September 25, 2018

Court: USDA Can Require Pasteurization or Treatment Of Almonds

The U.S. Department of Agriculture (USDA) has the authority to require California almond growers to pasteurize or chemically treat nuts to kill pathogens before they are sold, the U.S. Court of Appeals has ruled. The ruling comes five years after Nick Korteoff, an organic California almond farmer, and others first filed suit saying the USDA had overstepped its bounds by requiring such a treatment.

GavelThe conflict began after a 2003 Salmonella outbreak linked to raw almonds sickened 29 people in 12 states.  Another outbreak had occurred two years earlier. In response to the outbreaks, the USDA secretary published in the Federal Register a rule proposing that almonds grown and sold domestically be pasteurized or treated with chemicals to prevent illness.

As one of California’s biggest crops, almonds challenge the notion that money doesn’t grown on trees.  The 2011 crop was valued at $3.8 billion, according to USDA’s National Agricultural Statistics Service, California Field Office. California produces about 80 percent of almonds sold worldwide and almost all the almonds sold domestically, according to the Almond Board of California.  So, what happens to California almonds basically affects almonds everywhere.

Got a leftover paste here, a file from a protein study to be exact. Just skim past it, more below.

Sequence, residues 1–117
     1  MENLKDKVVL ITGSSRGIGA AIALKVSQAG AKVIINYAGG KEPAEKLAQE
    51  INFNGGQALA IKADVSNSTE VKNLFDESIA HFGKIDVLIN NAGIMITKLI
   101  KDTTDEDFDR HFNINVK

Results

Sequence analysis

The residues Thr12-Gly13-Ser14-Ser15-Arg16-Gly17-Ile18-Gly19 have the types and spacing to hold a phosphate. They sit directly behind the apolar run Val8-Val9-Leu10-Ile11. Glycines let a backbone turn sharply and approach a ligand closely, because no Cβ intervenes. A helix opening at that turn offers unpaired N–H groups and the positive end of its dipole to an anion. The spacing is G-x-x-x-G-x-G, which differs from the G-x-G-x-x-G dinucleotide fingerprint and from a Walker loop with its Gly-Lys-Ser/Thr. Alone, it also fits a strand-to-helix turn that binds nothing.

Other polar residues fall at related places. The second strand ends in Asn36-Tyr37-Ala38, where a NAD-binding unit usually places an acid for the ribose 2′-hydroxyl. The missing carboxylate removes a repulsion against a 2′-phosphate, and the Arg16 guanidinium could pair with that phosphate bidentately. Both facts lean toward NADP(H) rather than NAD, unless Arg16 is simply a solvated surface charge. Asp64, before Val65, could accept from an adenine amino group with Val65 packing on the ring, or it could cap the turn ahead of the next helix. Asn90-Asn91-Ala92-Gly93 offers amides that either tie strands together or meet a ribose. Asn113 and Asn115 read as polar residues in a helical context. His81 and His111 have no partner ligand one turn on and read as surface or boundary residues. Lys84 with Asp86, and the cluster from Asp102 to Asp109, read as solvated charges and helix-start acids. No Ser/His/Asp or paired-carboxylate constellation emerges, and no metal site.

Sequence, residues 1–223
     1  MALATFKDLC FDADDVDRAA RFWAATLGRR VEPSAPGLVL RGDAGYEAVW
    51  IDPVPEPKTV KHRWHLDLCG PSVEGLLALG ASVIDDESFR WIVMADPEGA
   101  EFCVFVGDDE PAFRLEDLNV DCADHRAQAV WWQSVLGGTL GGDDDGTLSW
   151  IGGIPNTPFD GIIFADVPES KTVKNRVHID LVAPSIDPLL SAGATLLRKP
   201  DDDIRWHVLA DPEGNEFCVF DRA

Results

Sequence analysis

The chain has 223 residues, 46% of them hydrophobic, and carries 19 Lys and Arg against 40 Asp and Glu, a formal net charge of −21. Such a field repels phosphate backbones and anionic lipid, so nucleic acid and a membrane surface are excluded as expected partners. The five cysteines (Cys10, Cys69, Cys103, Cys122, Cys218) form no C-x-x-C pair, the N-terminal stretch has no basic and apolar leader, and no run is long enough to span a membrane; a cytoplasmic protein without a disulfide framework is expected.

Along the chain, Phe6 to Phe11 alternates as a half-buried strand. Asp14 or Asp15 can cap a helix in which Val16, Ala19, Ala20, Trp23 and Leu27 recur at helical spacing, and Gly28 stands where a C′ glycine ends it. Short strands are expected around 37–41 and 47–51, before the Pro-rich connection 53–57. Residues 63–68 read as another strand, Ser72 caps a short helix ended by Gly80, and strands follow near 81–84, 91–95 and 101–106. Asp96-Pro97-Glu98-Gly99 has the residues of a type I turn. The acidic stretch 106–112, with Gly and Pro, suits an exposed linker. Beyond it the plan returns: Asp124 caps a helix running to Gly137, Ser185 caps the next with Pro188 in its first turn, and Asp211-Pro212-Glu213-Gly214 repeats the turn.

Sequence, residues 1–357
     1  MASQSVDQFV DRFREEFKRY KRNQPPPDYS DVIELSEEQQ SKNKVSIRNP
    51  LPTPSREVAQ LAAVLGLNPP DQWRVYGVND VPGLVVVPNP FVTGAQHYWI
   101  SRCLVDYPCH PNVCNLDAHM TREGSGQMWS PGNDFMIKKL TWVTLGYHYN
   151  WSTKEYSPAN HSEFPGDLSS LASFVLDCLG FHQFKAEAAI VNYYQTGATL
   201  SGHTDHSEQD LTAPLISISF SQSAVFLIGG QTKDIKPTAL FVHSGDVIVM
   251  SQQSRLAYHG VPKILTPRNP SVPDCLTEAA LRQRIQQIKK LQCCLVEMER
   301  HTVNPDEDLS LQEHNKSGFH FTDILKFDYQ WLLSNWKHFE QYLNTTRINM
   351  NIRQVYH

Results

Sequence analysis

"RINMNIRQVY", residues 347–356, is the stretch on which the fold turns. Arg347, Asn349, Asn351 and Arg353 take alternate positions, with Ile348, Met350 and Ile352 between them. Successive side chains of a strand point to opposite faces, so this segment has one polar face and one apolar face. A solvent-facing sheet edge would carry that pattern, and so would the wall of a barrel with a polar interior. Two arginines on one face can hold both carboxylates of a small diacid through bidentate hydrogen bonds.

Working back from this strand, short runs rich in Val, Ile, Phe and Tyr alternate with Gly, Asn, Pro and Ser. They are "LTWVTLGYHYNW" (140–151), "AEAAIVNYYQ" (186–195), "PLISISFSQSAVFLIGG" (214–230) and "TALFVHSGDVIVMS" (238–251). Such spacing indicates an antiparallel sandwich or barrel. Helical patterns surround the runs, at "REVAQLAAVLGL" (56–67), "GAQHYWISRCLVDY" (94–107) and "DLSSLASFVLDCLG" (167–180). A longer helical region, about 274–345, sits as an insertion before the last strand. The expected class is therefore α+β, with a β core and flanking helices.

In addition to publishing the proposed sterilization process in the Federal Register, “every  California  almond producer was mailed a brochure that explained the proposed rule and encouraged producers to “take part in the public process.”  After receiving comments and modifying the proposal somewhat to address issues raised, the Secretary adopted the treatment rule as a “quality control” requirement under the Almond Order,” according to the court documents.  The “Almond Order  is the California Almond Marketing Order. All almond growers are subject to which California almond growers are subject to the order which provides for “quality control” of almonds.

The growers in the suit did not take part and therefore waived their claims to challenge the rule after the fact, the government argued.  In turn, the growers claimed that many almond growers had withdrawn their support of  the almond order in 1996.  If that was the case, the opinion read, growers had plenty of time to make that known and upheld the lower court’s opinion that the USDA has the authority to require such a rule.

 

 

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